By the end of the war, over one million wounded or dead US servicemen from the war received the Purple Hearts.
During WWII, the United States Military made over 1.5 million Purple Heart medals in anticipation of a colossal casualty rate from the planned invasion of Japan during Operation Downfall.
However, this invasion did not ensue because, just before the launch of the assault, Japan surrendered.
The US military, however, began awarding the Purple Hearts to military men as the war came to a close. But so many Purple Hearts had been produced that the supply was not exhausted at that time.
“Time and combat will continue to erode the WWII stock, but it’s anyone’s guess how long it will be before the last Purple Heart for the invasion of Japan is pinned on a young soldier’s chest,” historian D.M Gianfranco is quoted as saying in an American newspaper.
By May 1945, Nazi Germany had thrown in the towel, but war with the Japanese was still raging. At that point, the United States concluded that Japan could be forced to surrender by the use of atomic bombs, a fierce amphibious invasion, or even both.
The high casualty level from the Battle of Tarawa had given the Americans a hint of how tough the Japanese defenses were. The United States military could not help but expect a much higher casualty rate in the invasion of Japan’s mainland.
During this time, Harry S. Truman was presiding over the United States in place of the deceased Franklin D. Roosevelt. America’s ultimate move to quench Japan was his call to make.
As Truman contemplated the different advantages between an invasion and a nuclear bombing, the US military’s top brass proceeded with making and storing numerous medals, to be given out to those soldiers they anticipated would be wounded during the invasion.
However, Truman ended up opting for the nuclear bombing.
By the end of the war, over one million wounded or dead US servicemen from the war received the Purple Hearts. After decorating all the WWII casualties, the United States had almost 500,000 medals left.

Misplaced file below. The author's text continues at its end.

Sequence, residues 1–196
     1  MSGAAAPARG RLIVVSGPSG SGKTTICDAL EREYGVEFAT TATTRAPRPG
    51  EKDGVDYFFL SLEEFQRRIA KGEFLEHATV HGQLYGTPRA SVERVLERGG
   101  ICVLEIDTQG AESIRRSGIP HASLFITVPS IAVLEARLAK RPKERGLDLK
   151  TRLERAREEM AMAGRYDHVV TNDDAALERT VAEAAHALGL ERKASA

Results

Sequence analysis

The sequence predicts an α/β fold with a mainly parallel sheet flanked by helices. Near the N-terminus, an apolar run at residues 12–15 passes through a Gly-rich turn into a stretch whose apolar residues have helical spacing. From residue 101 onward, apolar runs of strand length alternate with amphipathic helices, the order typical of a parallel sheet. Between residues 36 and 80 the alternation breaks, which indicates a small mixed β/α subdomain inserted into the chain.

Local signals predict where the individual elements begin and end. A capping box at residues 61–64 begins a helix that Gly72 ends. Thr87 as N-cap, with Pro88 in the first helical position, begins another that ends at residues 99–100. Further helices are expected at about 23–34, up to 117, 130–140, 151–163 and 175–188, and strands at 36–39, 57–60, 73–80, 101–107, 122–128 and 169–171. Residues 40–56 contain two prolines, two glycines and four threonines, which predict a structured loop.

The Korean and Vietnam Wars would follow, so the remaining Purple Hearts were on standby, to be issued to wounded or killed servicemen. Indeed, the United States ordered more than another 35,000 medals in the years following the Vietnam Wars with the United States’ involvement in several conflicts.
Out of these 35,000 medals, 21,000 were ordered in 2008. And it is quite simple to understand that these extra medals were not made because the Defense Logistics Agency had run out of Purple Hearts, but simply because it wanted to replenish its inventory to avoid a lack of the medals.
WWII saw the first large-scale production of the Purple Heart, and with such massive amount released in 1945, it is believed that medals from WWII are still being issued.
Notably, in the late 1970s and 1980s, the growth of terrorism and the mounting US military personnel casualty rate saw the revisiting of the Purple Hearts stockpile by the United States Defense Logistics Agency.
Several of these WWII-era medals were declared unusable, while many more were refurbished and repackaged.
The WWII-era Purple Heart had a different ribbon compared to contemporary ones. However, the refurbished medals were given new ribbons to bring them in line with modern requirements.
These refurbished medals would look identical to the new ones, and it is possible for a new recipient to be unable to tell from which era the medal came from.
According to Half a Million Purple Hearts, an article by Kathryn Moore and D.M Gianfranco, during the controversies that resulted from the planned 50th anniversary display of the Enola Gay at the National Air and Space Museum, several people came forward to allege that the US military’s top brass had made up the extremely high casualty estimates of over a million servicemen in a bid to justify the use of the atomic bombs on the already beaten Japan in 1945. Consequently, they had made such a colossal amount of Purple Hearts to solidify their claims.
With so many medals made and considering the statistics recorded over the years, it is quite possible that a few Purple Hearts from WWII will still be given to future recipients.